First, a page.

Is there a good way of handling variable length arrays that I'm just not seeing? Here's what I have.
I'm writing a general purpose I2C library with all the usual suspects, like Start, Stop, Ack, Nack, Write, and Read functions, etc. For the Read function, I'd like to accommodate a range of I2C slave peripherals. For instance, I've used devices that have no registers, some that do have registers, the majority of which only return single octets of data at a time when read, but some that return multiple octets. So I figured it would be cool to make the Read function such that I could send it how many bytes to read back. Well, this requires some allocated memory block, say an array, to dump into.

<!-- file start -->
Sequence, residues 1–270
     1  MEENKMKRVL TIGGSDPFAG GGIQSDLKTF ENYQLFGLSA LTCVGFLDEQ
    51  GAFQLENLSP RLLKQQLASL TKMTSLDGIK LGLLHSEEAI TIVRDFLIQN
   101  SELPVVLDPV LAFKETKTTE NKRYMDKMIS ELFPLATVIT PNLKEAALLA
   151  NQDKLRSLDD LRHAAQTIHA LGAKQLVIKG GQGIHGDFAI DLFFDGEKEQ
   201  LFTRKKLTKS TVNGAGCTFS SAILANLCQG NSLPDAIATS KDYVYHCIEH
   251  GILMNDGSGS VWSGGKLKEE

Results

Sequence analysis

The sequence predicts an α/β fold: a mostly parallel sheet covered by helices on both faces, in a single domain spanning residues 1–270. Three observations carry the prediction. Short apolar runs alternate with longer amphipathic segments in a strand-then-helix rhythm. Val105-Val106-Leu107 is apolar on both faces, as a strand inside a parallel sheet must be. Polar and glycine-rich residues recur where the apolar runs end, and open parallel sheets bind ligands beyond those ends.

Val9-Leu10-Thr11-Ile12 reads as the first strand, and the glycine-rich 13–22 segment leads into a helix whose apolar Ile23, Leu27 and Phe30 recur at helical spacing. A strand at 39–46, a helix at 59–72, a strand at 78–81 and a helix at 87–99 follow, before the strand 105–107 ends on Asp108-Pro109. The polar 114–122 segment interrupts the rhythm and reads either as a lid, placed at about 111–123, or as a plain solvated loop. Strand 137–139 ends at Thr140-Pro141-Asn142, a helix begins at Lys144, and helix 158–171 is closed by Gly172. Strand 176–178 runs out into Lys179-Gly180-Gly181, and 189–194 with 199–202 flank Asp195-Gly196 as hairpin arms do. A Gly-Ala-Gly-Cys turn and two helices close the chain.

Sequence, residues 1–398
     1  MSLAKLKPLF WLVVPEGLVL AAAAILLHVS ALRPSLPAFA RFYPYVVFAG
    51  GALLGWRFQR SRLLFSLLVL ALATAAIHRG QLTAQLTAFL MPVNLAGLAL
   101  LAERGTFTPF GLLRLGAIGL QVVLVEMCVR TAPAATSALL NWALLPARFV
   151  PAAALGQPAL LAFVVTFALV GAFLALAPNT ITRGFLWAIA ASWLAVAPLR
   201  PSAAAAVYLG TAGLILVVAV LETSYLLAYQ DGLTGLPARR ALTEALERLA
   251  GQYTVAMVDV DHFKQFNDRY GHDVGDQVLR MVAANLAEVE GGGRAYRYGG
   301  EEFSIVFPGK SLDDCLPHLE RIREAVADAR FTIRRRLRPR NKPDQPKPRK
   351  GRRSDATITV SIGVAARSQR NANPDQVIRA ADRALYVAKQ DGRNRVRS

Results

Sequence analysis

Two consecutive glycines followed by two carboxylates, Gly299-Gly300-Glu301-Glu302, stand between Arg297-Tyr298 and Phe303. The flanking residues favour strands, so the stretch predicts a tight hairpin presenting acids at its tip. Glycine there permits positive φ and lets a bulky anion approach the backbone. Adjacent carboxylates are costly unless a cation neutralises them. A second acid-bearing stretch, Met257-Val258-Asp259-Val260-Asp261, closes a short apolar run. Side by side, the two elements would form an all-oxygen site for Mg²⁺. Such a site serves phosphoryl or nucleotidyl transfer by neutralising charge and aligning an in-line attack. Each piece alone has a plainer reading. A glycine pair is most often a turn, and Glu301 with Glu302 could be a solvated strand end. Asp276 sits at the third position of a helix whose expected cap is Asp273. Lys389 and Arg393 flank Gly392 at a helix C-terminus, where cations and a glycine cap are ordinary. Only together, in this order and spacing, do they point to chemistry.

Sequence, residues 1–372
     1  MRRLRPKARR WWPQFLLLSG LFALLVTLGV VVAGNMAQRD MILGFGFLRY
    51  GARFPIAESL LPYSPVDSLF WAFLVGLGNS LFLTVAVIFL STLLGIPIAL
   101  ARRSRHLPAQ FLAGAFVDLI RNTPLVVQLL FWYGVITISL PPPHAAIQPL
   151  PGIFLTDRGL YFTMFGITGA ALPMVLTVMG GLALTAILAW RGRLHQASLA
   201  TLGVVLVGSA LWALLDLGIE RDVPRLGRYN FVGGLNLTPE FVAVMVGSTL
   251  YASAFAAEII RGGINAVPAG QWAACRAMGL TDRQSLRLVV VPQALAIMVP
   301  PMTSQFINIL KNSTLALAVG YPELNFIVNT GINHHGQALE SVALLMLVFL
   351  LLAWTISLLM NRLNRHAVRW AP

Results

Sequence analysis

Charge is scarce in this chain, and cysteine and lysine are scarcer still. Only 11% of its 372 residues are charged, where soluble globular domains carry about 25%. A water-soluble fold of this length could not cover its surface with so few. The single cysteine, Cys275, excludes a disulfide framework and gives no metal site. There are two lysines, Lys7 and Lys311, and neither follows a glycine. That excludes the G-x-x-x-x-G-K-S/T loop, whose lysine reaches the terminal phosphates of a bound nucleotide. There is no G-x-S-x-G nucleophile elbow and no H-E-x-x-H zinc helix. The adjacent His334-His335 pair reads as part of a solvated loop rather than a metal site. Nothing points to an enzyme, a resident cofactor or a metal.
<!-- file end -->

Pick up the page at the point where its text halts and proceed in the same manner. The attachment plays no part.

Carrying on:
But if this Read function is general purpose, then the array depth is not known at compile time. I tried writing my function to return a pointer to a static memory location. Trouble is, the compiler only allocates the first data byte pointed to by this pointer. The rest of the data is in unallocated space and might get trampled on.
I finally gave up and just created a global array that I knew would be big enough for most devices. Then I call my Read function and pass it a pointer to this array.
Not elegant! Any suggestions?